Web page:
WikiSeat Catalyst Jig1





Introduction: WikiSeat Catalyst Jig1

A WikiSeat is a three legged stool that is built by hand. Each WikiSeat starts with a Catalyst that acts as a central support structure. The creator of a WikiSeat has the freedom to gather materials and find their own methods for building the seat. WikiSeat creators can share what they have made and become inspired by others at .

This instructable shows how you can build your very own Catalyst! They can be used for all sorts of things:

+A great gift (or challenge) for your DIY friends and family.
+For teachers, building WikiSeats for a class project makes for a fun and engaging experience.
+Or you can build a WikiSeat of your own.

If you plan on building more than just a few Catalysts, check out the WikiSeat Catalyst Jig2 which lets you build Catalysts even faster!

Step 1: Tools and Materials

You will probably need all this stuff


+MIG Welder
+Something to cut steel: chop saw, band saw, hack saw
+Something to file/grind steel: metal file, grinding wheel, Dremel

+Sand Blaster (optional)
+Drill Press (optional)

Catalyst Materials

+Angle Iron 1"x1", 15" length per catalyst
+Primer and Paint (optional)

Jig Materials

+Three threaded rods 20" length
+Twelve bolts that fit the threading
+Six large washers
+One length of aluminum corner bead

Step 2: Prepare Materials

The Catalyst itself will be constructed using angle iron. 

+Cut the angle iron into 5" segments. You will need three pieces of angle iron for each Catalyst.

+File down the corners and edges.

+Drill holes with a drill press. (optional)

+File metal burrs from holes.

Step 3: Prepare Jig

This jig will hold your angle iron in place while welding.

+Shape corner bead into equilateral triangles with each side measuring 10.750"

*** It is very important that each side of the triangle is the same length! You will get a lopsided catalyst if this is not right.***

+Screw the washers and bolts onto the threaded rod so they can hold your angle iron in place.

+Make sure the angle iron is centered on the rod and tighten the bolts

Step 4: Set Up Jig

Set Up

+Place the three threaded rods complete with angle iron between the corner bead triangles and twist in place. This may take a few tries.

+Rotate the threaded rods so that the angle iron lines up flush.

Step 5: Tack

+With the angle iron in the jig, tack weld each outside edge in place 

Step 6: Weld

+After tacking the corners, remove the catalyst and weld the inside edges. 

I have found that it works best to start at the bottom and drag the bead up to the corner.

Step 7: Finish

Now you have a catalyst!

You may finish this any way you like, but here is what I do:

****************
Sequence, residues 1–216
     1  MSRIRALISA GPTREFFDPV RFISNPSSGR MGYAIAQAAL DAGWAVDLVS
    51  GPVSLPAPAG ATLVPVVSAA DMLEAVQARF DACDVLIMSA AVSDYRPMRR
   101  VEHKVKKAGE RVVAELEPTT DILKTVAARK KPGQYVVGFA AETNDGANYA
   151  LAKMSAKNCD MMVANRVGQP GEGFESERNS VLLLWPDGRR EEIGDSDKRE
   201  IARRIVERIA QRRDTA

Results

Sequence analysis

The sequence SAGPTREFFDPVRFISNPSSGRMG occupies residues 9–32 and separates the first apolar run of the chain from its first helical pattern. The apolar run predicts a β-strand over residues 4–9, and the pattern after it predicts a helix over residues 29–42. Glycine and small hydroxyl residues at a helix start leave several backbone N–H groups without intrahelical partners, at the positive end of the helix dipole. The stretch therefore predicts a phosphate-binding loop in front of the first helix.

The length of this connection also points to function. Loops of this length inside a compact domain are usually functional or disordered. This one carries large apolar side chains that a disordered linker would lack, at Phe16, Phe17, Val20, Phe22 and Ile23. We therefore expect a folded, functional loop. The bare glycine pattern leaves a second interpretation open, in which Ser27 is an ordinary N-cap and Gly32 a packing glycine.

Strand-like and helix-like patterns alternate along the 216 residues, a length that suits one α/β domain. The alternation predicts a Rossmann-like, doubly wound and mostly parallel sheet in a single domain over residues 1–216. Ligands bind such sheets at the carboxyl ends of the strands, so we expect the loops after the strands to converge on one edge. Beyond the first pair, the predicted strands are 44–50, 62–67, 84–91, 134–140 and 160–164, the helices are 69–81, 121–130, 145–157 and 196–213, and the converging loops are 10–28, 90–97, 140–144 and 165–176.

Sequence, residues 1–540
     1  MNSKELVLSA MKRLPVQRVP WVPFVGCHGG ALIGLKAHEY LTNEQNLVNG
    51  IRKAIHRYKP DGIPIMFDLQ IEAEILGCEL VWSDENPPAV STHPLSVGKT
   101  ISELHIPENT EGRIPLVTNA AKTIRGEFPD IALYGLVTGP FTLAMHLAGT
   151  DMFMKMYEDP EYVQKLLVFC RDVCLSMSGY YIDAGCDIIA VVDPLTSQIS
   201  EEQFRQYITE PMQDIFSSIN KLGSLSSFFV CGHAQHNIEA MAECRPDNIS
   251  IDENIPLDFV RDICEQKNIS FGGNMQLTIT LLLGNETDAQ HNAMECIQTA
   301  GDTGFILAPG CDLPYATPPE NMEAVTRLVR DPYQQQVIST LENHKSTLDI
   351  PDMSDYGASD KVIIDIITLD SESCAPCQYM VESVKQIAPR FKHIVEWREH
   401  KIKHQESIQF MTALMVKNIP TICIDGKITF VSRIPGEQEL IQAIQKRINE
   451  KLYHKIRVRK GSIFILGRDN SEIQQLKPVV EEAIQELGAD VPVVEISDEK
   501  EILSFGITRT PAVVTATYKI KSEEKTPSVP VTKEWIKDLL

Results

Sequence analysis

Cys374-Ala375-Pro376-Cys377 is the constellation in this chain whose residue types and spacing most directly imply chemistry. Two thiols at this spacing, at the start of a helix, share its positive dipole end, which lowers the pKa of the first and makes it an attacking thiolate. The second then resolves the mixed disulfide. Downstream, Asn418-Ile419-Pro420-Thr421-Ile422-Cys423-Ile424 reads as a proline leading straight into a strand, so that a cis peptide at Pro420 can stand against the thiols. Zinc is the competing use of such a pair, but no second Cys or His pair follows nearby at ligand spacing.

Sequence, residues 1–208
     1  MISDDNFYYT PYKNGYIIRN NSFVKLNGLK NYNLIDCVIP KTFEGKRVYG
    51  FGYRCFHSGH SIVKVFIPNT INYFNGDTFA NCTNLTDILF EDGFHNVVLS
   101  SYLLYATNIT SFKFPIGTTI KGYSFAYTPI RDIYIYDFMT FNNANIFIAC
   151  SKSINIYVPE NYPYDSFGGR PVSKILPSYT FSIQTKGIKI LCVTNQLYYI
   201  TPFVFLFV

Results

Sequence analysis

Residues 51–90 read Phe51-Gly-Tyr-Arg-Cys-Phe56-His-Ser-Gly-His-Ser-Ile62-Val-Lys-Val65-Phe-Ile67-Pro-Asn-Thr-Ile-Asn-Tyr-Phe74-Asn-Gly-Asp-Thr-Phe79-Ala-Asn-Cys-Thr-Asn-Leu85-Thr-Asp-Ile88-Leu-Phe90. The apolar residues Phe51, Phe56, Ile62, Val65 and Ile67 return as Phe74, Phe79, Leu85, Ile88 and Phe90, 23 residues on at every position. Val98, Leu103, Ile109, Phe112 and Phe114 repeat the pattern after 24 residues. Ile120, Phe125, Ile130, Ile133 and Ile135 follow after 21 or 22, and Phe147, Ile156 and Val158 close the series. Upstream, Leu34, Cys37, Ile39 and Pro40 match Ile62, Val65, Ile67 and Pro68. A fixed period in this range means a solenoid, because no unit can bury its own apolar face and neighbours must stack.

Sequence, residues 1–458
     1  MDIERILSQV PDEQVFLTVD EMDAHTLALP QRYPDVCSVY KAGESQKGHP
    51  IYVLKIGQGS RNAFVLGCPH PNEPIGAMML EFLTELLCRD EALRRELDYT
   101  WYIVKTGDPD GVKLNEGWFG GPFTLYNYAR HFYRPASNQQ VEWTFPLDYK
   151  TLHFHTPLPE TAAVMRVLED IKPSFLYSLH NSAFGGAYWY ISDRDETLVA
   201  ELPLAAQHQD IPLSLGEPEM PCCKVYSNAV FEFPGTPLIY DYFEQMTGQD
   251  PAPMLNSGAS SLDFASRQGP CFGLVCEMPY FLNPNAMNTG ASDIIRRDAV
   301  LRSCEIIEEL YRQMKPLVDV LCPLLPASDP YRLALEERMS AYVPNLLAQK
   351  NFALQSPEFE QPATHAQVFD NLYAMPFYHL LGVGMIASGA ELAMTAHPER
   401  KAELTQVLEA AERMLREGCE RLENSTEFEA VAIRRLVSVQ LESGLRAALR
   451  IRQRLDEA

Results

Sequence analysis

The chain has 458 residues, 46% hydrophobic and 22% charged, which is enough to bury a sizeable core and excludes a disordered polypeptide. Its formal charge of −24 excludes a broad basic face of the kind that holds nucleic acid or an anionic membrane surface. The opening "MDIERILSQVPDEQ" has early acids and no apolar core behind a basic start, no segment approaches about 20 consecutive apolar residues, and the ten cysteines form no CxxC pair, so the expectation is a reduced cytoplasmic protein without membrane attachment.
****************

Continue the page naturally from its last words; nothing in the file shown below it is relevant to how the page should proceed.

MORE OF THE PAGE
+spray with white primer

Step 8: Build a WikiSeat and Share It With the World

This catalyst is a framework for building a seat, bench, table or work of art. Or maybe you have other plans in mind?

Check out  to share what you build and become inspired by others!



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    I like it and would like to make one but I can't weld, any suggestions??

    maybe this is a chance to learn?

    Yep, Madrigorne says JBWeld would work as a substitute for welding. You can also build a wooden catalyst by making tall hexagon shape from wood and running it through a table saw with a jig. If you're interested I can post a Instructable on how I did that.

    That would be rally nice, thanks

    I cant find the jig for this one anywhere so I made a quick sketchup model to help show the process.

    Step 1: make a hexagon blank by gluing four hexagonal pieces of plywood together. 

    Step 2: make a jig that will hold the hex blank.

    Step 3: Draw a (blue) line from corner to cattywompus corner on one face of the hexagon. Cut one side of the jig to the same angle as the first blue line.

    Step 4: Set table saw blade to 45° and slide the jig+blank through. 

    Step 5: Flip the hex blank and cut again.

    Step 6: Rotate the blank two faces and repeat steps 4 and 5.

    Step 7: Repeat step 6. 

    Please use a push stick and all appropriate safety gear while using the table saw. There is a lot of blade above the table for these cuts. Thanks!

    wood catalyst2.jpgwooden catalyst.jpgFileDSCN9841.jpg

    I think people lost the point of the instructable. The point was how to make the catalyst or the jig, not the three legged seat. Considering that you need to get the correct angles before welding anything together, and then hold them in place while you weld, this is a good little method that can be used over and over for producing the wanted angles.

    By the way, guys, there is a "be nice" policy here. If you don't like the instructable, please refrain from bashing the author.

    Totally agree with you hammer9876

    Well put. A public, 1200-word essay for "constructive criticism" is a bit out of place.

    Ok made one of these at the weekend, easy to do and will be great fun to make on a larger scale. Thanks for a good instructible.

    Just read through the whole Instructible and shown it to a colleague, we both noticed that you refer to 'bolts' when actually you mean 'nuts' which are used in the jig construction.
    Never the less this is still a lovely simple idea and would make a good starting point for a project. Excellent idea but the angles affect the height and the therefore the footprint and seat top size!
    Could be adpated for tables and other surfaces.